SMITH: Will Caffé Portofino live on?
Published: Monday, February 11, 2013 at 6:21 p.m.
Last Modified: Monday, February 11, 2013 at 6:21 p.m.
Folks who cook, pour and serve at Caffé Portofino fear a perception that the savored downtown Santa Rosa spot died a month ago with owner Bob Musante.
But I lunched there on Monday (minestrone and a half Caesar) and found that chef Arturo Cardenas, who has worked there 22 years, and 25-year bar manager Su Wolfard are at their posts and hoping Portofino will stay open for close to forever.
Its future fell into doubt in 2000 with the death at age 34 of athletic, naturally charming Victor Belmonte. He'd opened it with his parents, Vittorio and Maria, and brother, Henry, in 1987 where the Courthouse Cafe had been.
The family did sell Portofino in 2002, but buyer Musante wisely made few changes. With Musante's death Jan. 9 at 68, it's likely to be sold again.
Will Maria's fettucini survive another change of hands? We can hope.
VICKI'S CARE: Remember that horrendous head-on crash on Stony Point Road near Cotati in December, the one believed caused by a young man driving with a needle alongside him and drugs in his veins?
The woman in the other vehicle, Vicki Siefer, was so grievously hurt there was fear she might not survive.
We've learned a bit about Siefer, who is 46 and an Piner alum. She had endured the loss of a career job and an upside-down home and became beloved as a caregiver for ailing seniors.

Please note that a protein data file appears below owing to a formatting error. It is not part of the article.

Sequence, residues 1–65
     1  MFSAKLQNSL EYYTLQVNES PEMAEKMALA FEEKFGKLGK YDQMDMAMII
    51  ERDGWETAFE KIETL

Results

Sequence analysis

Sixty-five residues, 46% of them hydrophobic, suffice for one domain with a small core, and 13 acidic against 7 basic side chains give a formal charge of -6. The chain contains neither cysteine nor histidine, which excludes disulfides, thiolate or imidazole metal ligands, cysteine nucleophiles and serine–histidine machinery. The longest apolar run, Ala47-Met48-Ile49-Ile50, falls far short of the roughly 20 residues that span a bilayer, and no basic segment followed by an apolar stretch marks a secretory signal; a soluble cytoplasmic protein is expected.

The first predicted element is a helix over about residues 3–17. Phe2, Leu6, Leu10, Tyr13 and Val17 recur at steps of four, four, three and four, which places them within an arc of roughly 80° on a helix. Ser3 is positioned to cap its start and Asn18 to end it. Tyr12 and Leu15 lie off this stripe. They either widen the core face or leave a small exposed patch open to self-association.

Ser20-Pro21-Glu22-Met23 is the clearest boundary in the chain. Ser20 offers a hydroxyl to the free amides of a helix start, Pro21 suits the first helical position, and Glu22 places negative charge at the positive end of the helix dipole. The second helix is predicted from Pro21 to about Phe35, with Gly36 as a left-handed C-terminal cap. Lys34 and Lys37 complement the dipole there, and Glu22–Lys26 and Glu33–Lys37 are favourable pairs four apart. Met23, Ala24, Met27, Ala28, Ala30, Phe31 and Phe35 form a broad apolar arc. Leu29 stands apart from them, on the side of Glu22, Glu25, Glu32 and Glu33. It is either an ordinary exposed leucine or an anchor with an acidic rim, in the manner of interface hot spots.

She is finally out of hospitals, although not yet able to walk on her reconstructed legs. Rose Pierre, who appreciates how Siefer cared for her 88-year-old mom, has opened a bank account to receive donations to help her pay her
It's account 157500945520 at US Bank.
“She's a fighter,” Pierre said.
TWO OLD BIRDS: Chloe Baskin might not have been sufficiently vigilant as she opened the door at her Sebastopol home to fetch the newspaper.
When she came back in her parakeet, Rainbow, was squawking like it was the end of the world. He stood atop the cage he'd long shared with Tyler, a cockatiel.
And Tyler was gone. Baskin was quickly as frantic as Rainbow. She'd rescued both birds, and others, from unhealthy situations and she's long been struck by how tight Tyler and Rainbow are.
She scoured the house, then went outside to search and call for Tyler. Her heart hurt as she phoned the Sebastopol police to report that he was missing.
An officer told her that just such a bird was reported to be hanging around Park Side School, two blocks away.
“So I picked up Rainbow in his cage and hot-footed it over to the school,” Baskin said. “Tyler was two stories up, perched on a windowsill, screaming his head off.”
She plunked down the cage and called up to Tyler that his buddy was there. That went on about 20 minutes, then Tyler flew down to the cage and ducked right in when she opened the door.
Once again, all seems well for a pair of feathered friends in Sebastopol.
You can reach Chris Smith at 521-5211 and firstname.lastname@example.org.
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